Originally introduced in March, the Coronavirus Job Retention Scheme & Furlough Leave has been extended beyond the original October deadline.
The Furlough scheme had been winding down over the last couple of months, with 70% government contribution to hours not worked in September and the employer paying 10%. In October the government paid 60% of the furloughed employees wages for their unworked hours, up to a maximum of £1,875, with employers contributing the remaining 20%.
The announcement made on 31st October in line with the second lockdown means that businesses can receive grants covering 80% of wages throughout November and the JSS implementation has been delayed to 1st December. The employer must pay for all the employer’s NIC and employer’s minimum workplace pension contributions on those wages and the grant will be for time not worked, up to £2,500 per month.
The Coronavirus Job Retention Scheme allows all UK employers to access financial support to continue paying part of their employees' salary that would otherwise have been laid off due to the second lockdown. It prevents against layoffs and redundancies.
All UK companies are eligible: limited companies, sole traders who employee people, LLPs, partnerships and charities.
Employees who were on the employer’s payroll on 30 October 2020 will qualify to be included in CJRS claim for November; they don’t have to have been included in an earlier CJRS claim. The employee must have been paid by the employer, and that pay must have been reported on a RTI return before midnight on 30 October.
Furlough leave is available to all employees on a contract, including;
• full-time employees
• part-time employees
• employees on agency contracts
• employees on flexible or zero-hour contracts
Flexible furlough will still run alongside full-time furlough, so staff may be brought back part-time to say, prepare the premises for the lifting of national restrictions, or to prepare for Christmas.
The same rules for flexible furlough will continue to apply as they have done since 1 July, so the employee may be furloughed for a couple of days or hours per week. No minimum time set for furloughed hours or working hours has been communicated.
However, each furlough claim must be for a period of at least seven consecutive calendar days.
• The employer must designate affected employees as furloughed workers.
• They should notify the employee that they have been marked as Furlough. Agreement from the employee may be required.
• HMRC must be notified of the employee designated as furloughed workers as well as details of their earnings. This is done through an online portal (not currently set up).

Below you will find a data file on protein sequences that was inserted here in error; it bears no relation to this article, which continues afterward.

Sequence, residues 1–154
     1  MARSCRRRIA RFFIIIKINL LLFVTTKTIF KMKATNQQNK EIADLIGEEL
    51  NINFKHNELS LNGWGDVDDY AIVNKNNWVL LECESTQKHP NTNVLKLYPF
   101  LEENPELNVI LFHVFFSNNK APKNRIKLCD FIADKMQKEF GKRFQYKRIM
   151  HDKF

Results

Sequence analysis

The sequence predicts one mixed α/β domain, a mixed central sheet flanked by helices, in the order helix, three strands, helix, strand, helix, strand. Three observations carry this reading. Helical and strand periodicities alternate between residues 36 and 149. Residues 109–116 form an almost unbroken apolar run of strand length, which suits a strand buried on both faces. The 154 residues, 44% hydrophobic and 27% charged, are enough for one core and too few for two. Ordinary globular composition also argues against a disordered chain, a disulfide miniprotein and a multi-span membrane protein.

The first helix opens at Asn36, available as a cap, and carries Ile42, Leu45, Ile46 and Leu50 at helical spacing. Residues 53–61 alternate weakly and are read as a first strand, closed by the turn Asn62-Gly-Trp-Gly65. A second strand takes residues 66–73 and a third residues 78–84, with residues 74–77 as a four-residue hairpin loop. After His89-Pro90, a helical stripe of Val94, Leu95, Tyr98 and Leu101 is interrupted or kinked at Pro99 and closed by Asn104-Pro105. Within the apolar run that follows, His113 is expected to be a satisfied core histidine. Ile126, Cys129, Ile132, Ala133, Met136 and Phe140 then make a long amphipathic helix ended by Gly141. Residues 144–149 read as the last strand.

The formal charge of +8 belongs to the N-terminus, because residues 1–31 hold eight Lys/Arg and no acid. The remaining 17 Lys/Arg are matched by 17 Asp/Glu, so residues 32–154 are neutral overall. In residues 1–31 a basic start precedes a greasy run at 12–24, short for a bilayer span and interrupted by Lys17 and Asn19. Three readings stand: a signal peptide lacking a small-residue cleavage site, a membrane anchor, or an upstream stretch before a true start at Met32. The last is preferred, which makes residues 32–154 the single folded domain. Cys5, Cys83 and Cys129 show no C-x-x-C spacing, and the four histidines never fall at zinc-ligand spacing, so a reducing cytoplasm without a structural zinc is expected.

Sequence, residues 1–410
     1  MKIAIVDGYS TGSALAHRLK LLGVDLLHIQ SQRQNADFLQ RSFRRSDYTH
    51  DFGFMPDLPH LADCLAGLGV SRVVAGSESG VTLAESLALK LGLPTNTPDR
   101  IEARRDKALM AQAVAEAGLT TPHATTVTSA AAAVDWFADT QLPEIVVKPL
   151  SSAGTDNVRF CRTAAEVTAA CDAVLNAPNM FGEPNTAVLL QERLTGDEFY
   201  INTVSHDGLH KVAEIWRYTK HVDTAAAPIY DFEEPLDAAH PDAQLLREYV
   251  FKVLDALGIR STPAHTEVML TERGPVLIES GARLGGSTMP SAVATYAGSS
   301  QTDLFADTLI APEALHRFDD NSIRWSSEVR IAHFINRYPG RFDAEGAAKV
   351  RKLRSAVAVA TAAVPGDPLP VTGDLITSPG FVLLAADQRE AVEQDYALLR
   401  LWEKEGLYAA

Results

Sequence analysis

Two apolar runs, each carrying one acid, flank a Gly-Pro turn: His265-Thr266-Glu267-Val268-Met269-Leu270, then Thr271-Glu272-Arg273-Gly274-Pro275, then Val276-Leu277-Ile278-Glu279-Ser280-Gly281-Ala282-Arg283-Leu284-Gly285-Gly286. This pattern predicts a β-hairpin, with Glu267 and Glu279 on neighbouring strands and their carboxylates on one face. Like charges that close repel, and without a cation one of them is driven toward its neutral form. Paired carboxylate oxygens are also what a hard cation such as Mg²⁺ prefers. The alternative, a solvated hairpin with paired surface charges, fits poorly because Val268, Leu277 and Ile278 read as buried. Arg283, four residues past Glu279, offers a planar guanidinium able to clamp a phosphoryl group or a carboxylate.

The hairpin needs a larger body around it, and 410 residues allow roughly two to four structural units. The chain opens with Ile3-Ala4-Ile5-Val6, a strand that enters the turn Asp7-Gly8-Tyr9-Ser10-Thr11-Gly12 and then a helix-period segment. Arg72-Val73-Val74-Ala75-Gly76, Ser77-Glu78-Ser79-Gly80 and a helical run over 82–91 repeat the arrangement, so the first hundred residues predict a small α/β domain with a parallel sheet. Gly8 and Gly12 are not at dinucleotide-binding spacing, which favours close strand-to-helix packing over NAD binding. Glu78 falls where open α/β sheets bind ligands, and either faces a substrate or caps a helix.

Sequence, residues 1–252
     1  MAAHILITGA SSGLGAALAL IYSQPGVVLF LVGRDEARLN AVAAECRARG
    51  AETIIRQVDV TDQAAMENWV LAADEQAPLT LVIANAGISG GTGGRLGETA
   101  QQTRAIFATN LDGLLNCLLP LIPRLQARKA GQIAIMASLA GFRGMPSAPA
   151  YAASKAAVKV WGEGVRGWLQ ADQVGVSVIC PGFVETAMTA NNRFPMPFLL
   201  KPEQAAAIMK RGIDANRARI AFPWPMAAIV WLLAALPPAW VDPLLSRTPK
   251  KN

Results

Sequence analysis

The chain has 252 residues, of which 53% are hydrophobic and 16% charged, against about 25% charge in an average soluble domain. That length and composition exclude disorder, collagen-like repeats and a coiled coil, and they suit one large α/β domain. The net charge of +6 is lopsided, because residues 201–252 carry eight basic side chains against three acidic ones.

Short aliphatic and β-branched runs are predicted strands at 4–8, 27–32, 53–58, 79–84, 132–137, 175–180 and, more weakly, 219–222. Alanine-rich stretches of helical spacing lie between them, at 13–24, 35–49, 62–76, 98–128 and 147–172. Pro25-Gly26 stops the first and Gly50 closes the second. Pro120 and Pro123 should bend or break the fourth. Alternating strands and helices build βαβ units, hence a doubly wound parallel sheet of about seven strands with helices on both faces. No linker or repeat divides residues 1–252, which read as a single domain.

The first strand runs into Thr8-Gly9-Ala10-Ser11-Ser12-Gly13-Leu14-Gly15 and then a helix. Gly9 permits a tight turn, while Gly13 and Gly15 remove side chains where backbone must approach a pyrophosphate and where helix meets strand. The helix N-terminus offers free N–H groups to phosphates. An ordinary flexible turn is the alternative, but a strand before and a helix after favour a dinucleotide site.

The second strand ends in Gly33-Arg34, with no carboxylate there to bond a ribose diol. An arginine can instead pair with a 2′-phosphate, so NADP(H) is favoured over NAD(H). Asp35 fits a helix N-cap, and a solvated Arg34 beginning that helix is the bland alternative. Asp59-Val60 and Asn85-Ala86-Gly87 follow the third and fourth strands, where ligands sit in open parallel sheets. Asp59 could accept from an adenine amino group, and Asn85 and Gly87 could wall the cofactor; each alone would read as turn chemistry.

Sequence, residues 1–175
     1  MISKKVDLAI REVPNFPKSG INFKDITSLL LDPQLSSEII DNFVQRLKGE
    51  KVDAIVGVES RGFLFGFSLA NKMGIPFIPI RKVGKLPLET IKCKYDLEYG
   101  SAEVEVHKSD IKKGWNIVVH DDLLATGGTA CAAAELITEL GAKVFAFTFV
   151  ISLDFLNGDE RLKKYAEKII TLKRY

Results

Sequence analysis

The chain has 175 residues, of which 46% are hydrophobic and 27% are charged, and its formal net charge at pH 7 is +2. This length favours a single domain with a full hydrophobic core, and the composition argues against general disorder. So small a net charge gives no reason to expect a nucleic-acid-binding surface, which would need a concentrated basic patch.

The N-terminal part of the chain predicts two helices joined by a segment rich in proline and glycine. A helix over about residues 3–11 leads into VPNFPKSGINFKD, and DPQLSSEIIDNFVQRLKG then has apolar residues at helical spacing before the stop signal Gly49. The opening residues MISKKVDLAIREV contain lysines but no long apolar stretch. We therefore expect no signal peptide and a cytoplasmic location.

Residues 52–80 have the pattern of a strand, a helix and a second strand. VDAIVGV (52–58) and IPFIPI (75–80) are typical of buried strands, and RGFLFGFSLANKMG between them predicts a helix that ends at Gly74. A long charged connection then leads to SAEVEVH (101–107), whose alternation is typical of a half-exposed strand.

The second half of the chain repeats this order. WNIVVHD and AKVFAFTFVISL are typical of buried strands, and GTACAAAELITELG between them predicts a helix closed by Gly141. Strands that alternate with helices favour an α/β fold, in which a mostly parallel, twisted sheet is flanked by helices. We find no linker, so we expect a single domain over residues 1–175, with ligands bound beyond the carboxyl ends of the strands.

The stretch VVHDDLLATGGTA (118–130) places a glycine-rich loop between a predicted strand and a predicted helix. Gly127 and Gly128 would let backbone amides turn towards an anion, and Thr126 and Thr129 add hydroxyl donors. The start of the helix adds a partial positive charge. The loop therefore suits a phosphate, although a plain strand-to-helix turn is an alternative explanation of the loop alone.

• HMRC will reimburse 80% of furloughed workers wage costs, based on the February earnings of salaried workers, up to a cap of £2,500 per month.
• Wages for those on variable hours, can be calculated based on the higher of either:
o the same month's earning from the previous year
o average monthly earnings from the 2019-20 tax year
If the employee has been employed for less than a year, employers can claim for an average of their monthly earnings since they started work.
• Employees remain employed, their continuity of service is not impacted.
• Employer may choose to top-up the other 20% of salary. If they don’t top-up the 20% it will be a deduction in wages.
• Wages paid through the scheme are subject to the usual income tax and other deductions.
Changing the status of employees to a furloughed worker remains subject to existing employment law. Generally, where an employee’s contract contains a layoff or short term clause employers should be able to place employees on furlough leave. Where there is no such clause, it is best advised to get agreement from the employee.
Additionally, a 20% reduction in salary will be a change in terms and conditions of employment. Where employers are not topping up the government payment, they should also seek agreement from the employee.
Given the current situation and the alternatives for those employees should they not agree, one can expect that most employees will agree. That said, prudent employers will seek to get their employees agreement as part of their furlough leave process.
A BrightPay UK (Windows) upgrade has just been released to cater for the extension to the Coronavirus Job Retention Scheme. This upgrade also removes previously released Job Support Scheme (JSS) functionality.
During COVID-19, BrightPay have been running regular webinars to keep businesses and accountants up-to-date with the latest changes and the impact on payroll processing don’t miss the latest webinar.
18th November – 10.30am
In this webinar, we look at what you need to know about the re-instated Furlough scheme and new Job Support Scheme, including which employees are eligible, the level of government funding, and how the scheme is actioned through payroll. We will also share top tips to ensure COVID-19 does not slow down payroll processing. Plus, we will explore the rise in redundancies and the new changes regarding statutory redundancy and notice pay for furloughed employees.
What you'll learn:
• What the extended CJRS means for your business
• Everything you need to know about the Job Support Scheme
• Tips for safeguarding your payroll
• How BrightPay’s Job Support Scheme Calculator & Claim Report works
• How to calculate notice pay and redundancy pay for furloughed employees
• Top tips to ensure COVID-19 does not slow down payroll processing